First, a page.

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Hi new to group

Reo B

New Member
Relationship to Diabetes
Type 2
Hi everyone,
Been diagnosed with type 2 this week, given Metformin, not really been explained what going to happen, what diet to change/follow.
Wasn't having any symptoms, but it was found during a blood test for something else ‍♀️.
Have ordered the diet booklet from website, but overall, bit scared and confused where to start.
Thanks
 

Drummer

Well-Known Member
Relationship to Diabetes
Type 2
Hello @Reo B and welcome.
Did you get your Hba1c number? That gives some idea of just where you are in the great scheme of things diabetic.
If you are a plain ordinary Type 2 then by reducing your intake of carbs, which are the starches and sugars, then your blood glucose numbers ought to reduce.
If your blood glucose levels are very elevated then assessing your intake of carbs and beginning to cut out and reduce the highest carb foods so as the embark on a period of getting back to normal is the safest method, as it can be quite a shock if done suddenly.
Hopefully you can cope with Metformin - I was unlucky enough to be one of those who could not, and it got rather dismal to say the least. I opted to give up the medication, and all the distress was made worse when I realised I never needed the tablets in the first place.
I have enjoyed 5 years of low carb eating and feel very much the better for it.
 

Windy

Well-Known Member
Relationship to Diabetes
Type 2
Hi @Reo B welcome to the forum. Sorry to hear that you're a bit scared and confused. It is a bit difficult and overwhelming when you're first diagnosed.
I'm on metformin and haven't had any problems with them, but they can cause a very bad tummy, as @Drummer says. If you do get difficulties from the side effects, you can contact your GP and get a different prescription of slow release metformin.
I echo what Drummer says about reducing your intake of carbohydrates, I feel much better for it.
I got diagnosed at the end of October and also didn't have any symptoms either, but it was picked up at an over 50 health check.
When you say "what's going to happen", do you mean with your medication, with any appointments, or generally with diabetes?
If it's medication, maybe tummy troubles for a week or two if you're unlucky.
As for appointments, my life has been a whirl of various appointments and screening, and the NHS has taken blood and urine for various tests. This is what I've had so far:
eye screening at the hospital
foot check with the nurse
referral to a diabetes course
on the waiting list for a liver scan
urine tests for protein (checks your kidneys)
a heart trace (not sure if this was diabetes or over 50 related)
Blood pressure checked
chat about my diet with the nurse

Can you make a list of what's worrying you or what you have questions about, and then either ask us on the forum, or save them up and make an appointment with your GP or practice nurse?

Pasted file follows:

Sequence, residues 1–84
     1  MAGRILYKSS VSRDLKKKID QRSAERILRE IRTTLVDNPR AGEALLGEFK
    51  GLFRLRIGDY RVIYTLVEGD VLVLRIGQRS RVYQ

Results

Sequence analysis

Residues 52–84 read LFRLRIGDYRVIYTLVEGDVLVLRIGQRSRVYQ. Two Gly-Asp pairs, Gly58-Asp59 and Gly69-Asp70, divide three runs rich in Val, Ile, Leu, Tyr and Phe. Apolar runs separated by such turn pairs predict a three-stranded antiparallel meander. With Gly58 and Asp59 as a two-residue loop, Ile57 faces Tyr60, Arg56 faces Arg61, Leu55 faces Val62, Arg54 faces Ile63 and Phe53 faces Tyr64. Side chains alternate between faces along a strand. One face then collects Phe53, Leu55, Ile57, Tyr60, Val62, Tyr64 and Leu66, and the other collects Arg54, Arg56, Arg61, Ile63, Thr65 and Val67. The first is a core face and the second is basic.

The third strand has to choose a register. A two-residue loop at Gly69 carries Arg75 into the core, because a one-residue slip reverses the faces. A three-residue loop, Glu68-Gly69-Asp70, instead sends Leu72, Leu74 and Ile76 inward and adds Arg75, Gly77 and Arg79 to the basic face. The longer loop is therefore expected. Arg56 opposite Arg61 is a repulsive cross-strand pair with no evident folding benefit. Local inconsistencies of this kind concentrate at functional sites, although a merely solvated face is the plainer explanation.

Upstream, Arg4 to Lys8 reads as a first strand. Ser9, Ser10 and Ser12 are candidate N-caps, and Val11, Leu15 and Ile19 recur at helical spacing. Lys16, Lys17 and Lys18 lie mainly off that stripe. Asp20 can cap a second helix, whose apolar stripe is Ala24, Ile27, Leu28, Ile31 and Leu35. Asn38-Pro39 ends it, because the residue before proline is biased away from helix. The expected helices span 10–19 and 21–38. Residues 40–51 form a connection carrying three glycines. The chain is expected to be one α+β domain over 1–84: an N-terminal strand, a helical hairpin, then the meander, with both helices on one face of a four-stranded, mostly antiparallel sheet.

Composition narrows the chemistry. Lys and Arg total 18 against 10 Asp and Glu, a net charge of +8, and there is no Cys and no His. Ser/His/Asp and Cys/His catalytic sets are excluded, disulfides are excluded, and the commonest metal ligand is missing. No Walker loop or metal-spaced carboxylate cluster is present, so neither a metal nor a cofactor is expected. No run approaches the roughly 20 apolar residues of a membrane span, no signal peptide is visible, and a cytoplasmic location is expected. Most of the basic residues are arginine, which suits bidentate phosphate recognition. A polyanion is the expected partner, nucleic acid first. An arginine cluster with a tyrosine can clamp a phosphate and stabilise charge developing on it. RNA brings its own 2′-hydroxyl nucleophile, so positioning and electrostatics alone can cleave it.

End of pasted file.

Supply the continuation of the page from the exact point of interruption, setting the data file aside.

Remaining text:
I was quite anxious about the whole thing after diagnosis, but I've tried to find out as much as I can about food choices, exercise etc and asked questions here and got lots of support. I feel happier now, and making better choices in terms of food and portion size.
Ask away and my more knowledgable forum members will most likely have answers for you!
Kind regards, Sarah
 

Reo B

New Member
Relationship to Diabetes
Type 2
Hi and thanks for your replies.
I was told a number of 70 and believe that I should be around 40?
The GP hasn't told me that I'll need any other appointments, so I just thought being given the tablets was all I had to do.

I've had a terrible time since taking the first tablet yesterday morning, constant bad gripeing pain which gets worse just before I have an urgency to go to the toilet. (Sorry)
Hardly slept from the pain and toilet visits.
Had a couple of spells of feeling woosy.
I really hope this all settles. Dreading taking my 2nd tablet today.
I feel stupid even asking this, but should I contact my GP to chase up what appointments I may need to have, or just wait and see if it's being organised?
Not knowing what I should do, other than take the tablets is what's scaring me. I want to get this under control but don't know where to start.

Thanks
 

Docb

Moderator
Relationship to Diabetes
Type 2
Hi @Reo B and welcome to the forum.

The 70 will be your HbA1c result. To put it into context, it ranges from around 30 to around 150 with 48 being the level at which you get a diagnosis of diabetes. At 150 you would most likely be wheeled straight to hospital. So 70 is high, but not excessively so, but in any case needs some attention because prolonged exposure at that level increases the risk of long term complications the like of which you could well do without.

Sounds like you have been started on metformin. This is "the first thing to try" in the medicine chest. Reactions to it as you have describes are common and may settle down. If they do not, then there are alternatives. Depends on how long you are willing to put up with the inconvenience.